American 'baritenor' Michael Spyres
The high-living hillbilly1:38, 26th September 2019
In the cover feature of this October’s issue of Opera Now, Michael Spyres explains how he found his true ‘baritenor’ voice, his passionate belief in the importance of live opera, and why Bugs Bunny changed his life. The following is an extract from Francis Muzzu’s interview…
‘We were the hillbilly von Trapps,’ Michael Spyres laughs, explaining that he grew up in a family that thrived on music and theatre. The singer comes from Mansfield, Missouri, a small town in the deeply rural Ozarks, a place that he describes as ‘full of eccentric and dynamic people’ and best known as the home of Laura Ingalls Wilder of Little House on the Prairie fame. His mother, Terry Lee Spyres, wrote the words for a musical based on the book that is still being performed 30 years later.
‘We were the odd family – my grandfather was a fiddle player and my parents both music educators. My mother wrote plays and melodramas and my father was the band and choir director, and later a counsellor.’ His older brother Sean is a musical character singer and his sister Erica has performed on Broadway. ‘We always had opera at home. My uncle Michael wanted to be an opera singer and had masses of Caruso and Lanza records. He died of cancer at 36 when I was one year old, and my mother had already decided to give me his name while she was pregnant.’
Surrounded by musicians and actors, it’s no surprise that Spyres first started considering singing as a career when he was in his teens. ‘I was in the chorus at Springfield, the nearest city, and at the local university for two years, but I had no idea what to do with my life. So I started to teach myself [opera] singing when I was 21, and I’ve not had a teacher since. I was a radio DJ and did commercials to make money but realised that I needed to take opera seriously. I listened to old recordings, up to about 1960, and it became a real passion. I imitated their technique and built my own…a bit of Corelli’s passion, the power of Del Monaco, the sweetness of Björling. I listened to old tenors like Miguel Fleta and studied García and Vaccai [early 19th-century pedagogues].’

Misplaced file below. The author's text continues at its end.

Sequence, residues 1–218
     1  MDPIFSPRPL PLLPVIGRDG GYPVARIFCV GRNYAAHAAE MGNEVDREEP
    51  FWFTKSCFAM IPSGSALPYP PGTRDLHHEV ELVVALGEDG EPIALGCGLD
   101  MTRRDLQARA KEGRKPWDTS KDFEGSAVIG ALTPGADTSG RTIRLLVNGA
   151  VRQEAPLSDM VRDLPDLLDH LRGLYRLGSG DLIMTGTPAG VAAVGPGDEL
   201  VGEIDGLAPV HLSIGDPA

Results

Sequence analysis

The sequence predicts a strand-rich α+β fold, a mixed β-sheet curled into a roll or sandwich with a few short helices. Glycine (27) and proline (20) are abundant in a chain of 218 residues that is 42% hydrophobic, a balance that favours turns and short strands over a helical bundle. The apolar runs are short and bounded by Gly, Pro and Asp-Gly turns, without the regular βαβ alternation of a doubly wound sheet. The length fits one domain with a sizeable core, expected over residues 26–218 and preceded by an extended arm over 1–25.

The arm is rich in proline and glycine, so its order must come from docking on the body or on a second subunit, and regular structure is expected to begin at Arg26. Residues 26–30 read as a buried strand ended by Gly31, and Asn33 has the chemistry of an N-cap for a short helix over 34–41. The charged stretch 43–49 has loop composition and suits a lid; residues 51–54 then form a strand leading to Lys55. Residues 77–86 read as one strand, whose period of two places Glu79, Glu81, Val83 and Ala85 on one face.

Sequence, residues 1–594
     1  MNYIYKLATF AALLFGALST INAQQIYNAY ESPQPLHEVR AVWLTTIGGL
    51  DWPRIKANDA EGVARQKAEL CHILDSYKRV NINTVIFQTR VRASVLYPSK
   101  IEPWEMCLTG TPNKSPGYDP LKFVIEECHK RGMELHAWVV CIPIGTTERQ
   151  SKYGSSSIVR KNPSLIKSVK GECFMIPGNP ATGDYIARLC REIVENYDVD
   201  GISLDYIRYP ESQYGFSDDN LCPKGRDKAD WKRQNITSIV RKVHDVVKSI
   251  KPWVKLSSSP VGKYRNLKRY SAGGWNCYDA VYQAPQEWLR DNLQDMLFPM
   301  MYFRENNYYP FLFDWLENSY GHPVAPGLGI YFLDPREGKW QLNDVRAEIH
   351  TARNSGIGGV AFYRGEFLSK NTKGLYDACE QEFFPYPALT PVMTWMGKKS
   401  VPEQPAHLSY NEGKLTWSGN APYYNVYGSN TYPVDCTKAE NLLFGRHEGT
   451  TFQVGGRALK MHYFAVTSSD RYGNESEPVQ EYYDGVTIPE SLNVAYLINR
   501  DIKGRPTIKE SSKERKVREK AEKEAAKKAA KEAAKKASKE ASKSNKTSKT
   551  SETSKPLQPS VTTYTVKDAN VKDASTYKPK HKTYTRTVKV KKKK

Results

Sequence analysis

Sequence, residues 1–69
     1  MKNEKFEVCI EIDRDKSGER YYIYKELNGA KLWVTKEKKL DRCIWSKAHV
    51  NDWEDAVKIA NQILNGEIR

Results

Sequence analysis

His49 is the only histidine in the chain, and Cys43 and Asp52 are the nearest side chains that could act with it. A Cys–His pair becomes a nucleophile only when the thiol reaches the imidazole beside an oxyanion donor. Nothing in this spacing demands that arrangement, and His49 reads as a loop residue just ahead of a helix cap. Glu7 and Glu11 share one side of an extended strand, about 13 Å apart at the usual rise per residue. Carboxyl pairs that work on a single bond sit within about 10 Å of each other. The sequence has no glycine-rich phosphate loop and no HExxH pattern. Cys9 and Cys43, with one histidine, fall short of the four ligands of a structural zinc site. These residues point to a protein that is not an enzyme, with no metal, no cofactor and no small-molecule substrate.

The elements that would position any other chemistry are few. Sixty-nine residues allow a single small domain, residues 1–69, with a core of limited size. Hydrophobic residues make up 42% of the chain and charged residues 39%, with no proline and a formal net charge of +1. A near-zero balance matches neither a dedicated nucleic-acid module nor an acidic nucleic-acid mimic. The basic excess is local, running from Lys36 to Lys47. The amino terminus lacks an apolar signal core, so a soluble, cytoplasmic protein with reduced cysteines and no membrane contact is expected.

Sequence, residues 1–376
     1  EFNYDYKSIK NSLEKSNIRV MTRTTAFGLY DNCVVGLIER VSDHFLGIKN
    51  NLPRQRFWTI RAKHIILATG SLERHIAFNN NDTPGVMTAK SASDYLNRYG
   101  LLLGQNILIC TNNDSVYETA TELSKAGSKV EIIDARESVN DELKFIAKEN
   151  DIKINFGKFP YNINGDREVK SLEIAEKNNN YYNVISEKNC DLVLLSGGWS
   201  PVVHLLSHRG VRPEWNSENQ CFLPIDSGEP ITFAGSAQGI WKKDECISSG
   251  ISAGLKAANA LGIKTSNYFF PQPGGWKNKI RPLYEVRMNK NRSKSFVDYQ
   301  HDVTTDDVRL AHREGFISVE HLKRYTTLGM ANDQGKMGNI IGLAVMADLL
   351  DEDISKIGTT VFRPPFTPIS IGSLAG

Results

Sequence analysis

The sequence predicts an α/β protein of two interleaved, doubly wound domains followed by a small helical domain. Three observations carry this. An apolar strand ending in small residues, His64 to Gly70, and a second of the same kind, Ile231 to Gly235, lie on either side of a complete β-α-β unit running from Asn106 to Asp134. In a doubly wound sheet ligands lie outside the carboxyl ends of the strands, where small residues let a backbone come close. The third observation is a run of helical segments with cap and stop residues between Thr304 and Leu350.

At 19, Spyres joined the World Youth Choir which took him outside the US for the first time. ‘I came to know that I had to learn languages to progress, and through a World Youth Choir contact I came to Vienna, where I joined the Arthur Schoenberg Choir at 23.’ It was at this point that Spyres had a pivotal moment of self-awareness: ‘I realised that I wasn’t a true tenor yet…’
To read the full interview, subscribe to Opera Now: magsubscriptions.com/music-opera-now